Lately it’s easy to notice that Nokia has been changing their strategy to focus greatly on mobile photography, as a way to differentiate themselves from other handsets in the market, with their Lumia brand. A strategy that is working out well in their favour, especially their development in the low light imaging sector.
Nokia and Microsoft have been taking advantage of this, both in their advertising campaigns and as method to win an explicit differentiation point of what it means to posses or not posses a Nokia Lumia Smartphone. But apart from that I’m going to show you that there are even more reasons why you should get one of these new devices available on the marketplace today.
Nokia Connects gave me the opportunity to test out the Nokia Lumia 720 for a couple of weeks and during this period I didn’t hesitate to conduct an experiment of its coolest innovation: a higher focal ratio than any other Lumia device available in the market, which means more light can get into the sensor.
The f-number or focal ratio (N), as it’s called in optics, is just the ratio of the focal length to the effective aperture (F). This dimensionless number results of dividing the focal length (f) and the diameter of the entrance pupil (D). The Lumia 720 features a focal ratio of f/1.9, as a reference the Lumia 920 has f/2.0 and the Lumia 1020 has f/2.2.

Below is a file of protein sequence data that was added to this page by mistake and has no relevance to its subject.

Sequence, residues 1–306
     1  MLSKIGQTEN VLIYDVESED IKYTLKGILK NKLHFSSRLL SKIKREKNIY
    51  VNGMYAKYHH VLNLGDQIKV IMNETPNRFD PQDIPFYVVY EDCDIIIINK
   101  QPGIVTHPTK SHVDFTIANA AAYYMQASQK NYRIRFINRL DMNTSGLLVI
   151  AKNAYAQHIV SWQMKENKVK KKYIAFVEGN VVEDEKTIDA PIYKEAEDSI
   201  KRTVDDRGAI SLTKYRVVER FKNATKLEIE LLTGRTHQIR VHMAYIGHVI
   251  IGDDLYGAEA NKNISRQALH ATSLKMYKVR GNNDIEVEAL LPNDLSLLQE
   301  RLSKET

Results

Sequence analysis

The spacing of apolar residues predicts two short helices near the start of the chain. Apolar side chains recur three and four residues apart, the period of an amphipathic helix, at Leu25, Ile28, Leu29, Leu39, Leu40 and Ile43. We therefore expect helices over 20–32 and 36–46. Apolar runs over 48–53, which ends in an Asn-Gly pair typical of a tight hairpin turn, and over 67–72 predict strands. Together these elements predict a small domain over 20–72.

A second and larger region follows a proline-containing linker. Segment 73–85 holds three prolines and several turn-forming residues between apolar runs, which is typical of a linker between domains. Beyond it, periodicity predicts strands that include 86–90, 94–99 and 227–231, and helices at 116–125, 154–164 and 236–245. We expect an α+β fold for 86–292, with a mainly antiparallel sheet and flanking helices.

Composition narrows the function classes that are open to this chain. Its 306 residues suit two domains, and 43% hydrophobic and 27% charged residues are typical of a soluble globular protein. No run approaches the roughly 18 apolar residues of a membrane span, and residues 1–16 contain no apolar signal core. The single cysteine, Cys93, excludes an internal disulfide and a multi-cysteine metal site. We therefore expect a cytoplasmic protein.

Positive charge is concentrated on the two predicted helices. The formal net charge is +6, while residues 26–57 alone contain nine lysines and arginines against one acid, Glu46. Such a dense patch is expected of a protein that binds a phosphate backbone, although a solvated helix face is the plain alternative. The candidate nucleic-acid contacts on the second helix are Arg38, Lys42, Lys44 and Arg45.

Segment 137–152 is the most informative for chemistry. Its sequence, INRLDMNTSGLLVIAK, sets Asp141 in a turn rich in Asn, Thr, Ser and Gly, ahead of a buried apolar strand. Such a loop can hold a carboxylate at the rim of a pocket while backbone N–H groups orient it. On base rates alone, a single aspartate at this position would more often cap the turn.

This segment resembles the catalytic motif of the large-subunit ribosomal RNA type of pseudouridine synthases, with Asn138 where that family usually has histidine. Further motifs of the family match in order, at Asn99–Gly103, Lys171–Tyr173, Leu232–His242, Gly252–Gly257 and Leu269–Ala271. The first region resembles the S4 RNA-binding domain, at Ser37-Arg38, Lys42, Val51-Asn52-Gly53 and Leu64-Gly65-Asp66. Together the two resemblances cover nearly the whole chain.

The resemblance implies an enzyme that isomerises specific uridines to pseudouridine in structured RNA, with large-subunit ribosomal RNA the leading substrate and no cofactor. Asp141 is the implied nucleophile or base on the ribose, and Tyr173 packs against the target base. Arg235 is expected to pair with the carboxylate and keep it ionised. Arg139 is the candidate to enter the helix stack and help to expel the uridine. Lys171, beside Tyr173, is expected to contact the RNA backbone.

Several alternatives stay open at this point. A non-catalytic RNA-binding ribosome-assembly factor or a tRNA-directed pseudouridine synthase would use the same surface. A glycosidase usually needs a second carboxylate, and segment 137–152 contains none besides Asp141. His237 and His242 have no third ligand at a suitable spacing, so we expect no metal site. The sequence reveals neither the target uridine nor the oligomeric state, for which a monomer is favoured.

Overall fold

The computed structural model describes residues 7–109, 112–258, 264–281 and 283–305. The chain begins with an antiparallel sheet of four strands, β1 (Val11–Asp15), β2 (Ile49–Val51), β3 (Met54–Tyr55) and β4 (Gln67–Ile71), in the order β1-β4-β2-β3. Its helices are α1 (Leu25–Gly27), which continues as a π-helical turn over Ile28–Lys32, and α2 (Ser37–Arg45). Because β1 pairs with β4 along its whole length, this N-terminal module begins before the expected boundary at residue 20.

Owning my own Nokia Lumia 920, I opted to do a little research on the actual effect of this little focal ratio change during one of the most extreme conditions of light in the photography world: backlight. Here’s a set of photos I took during my research, including their original format, where you can see in detail the result (920 left, 720 on the right):
If you still have any remaining doubts about how much difference 0.1 less in the diameter of aperture to the light-gathering in the Lumia 720 can make, you should visit my Flickr photostream to view more photos. With no effort at all, it’s very easy to see that the 8.7MP PureView of the Lumia 920 wins over the resolution race against the 6.7MP of the 720 sensor, but the colours look much more well-defined and realistic in the 720 case.
Take into account that both sensors are backside-illuminated, which allows for the gathering more light than any other non-Lumia device, advantage in particular more visible with low light pictures, but the last of my photos also shows the difference made by a slight coloured close up instead of a total black one how it would happen in other cases.
I would love to hear your opinion. What advantages do you find in these types of technologies? What is your experience? Feel free to comment below. I hope you find this article useful.
Until the next time.